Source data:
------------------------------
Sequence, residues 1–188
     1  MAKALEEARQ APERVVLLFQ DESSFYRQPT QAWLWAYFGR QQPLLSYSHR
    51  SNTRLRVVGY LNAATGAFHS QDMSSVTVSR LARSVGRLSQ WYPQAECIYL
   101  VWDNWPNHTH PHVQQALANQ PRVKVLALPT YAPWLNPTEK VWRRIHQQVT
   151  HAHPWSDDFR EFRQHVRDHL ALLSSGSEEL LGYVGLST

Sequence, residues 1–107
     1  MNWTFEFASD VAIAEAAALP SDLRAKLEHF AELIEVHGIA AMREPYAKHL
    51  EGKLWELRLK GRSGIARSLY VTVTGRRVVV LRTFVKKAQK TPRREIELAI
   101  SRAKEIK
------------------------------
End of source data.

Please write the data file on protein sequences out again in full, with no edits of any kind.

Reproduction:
Sequence, residues 1–188
     1  MAKALEEARQ APERVVLLFQ DESSFYRQPT QAWLWAYFGR QQPLLSYSHR
    51  SNTRLRVVGY LNAATGAFHS QDMSSVTVSR LARSVGRLSQ WYPQAECIYL
   101  VWDNWPNHTH PHVQQALANQ PRVKVLALPT YAPWLNPTEK VWRRIHQQVT
   151  HAHPWSDDFR EFRQHVRDHL ALLSSGSEEL LGYVGLST

Sequence, residues 1–107
     1  MNWTFEFASD VAIAEAAALP SDLRAKLEHF AELIEVHGIA AMREPYAKHL
    51  EGKLWELRLK GRSGIARSLY VTVTGRRVVV LRTFVKKAQK TPRREIELAI
   101  SRAKEIK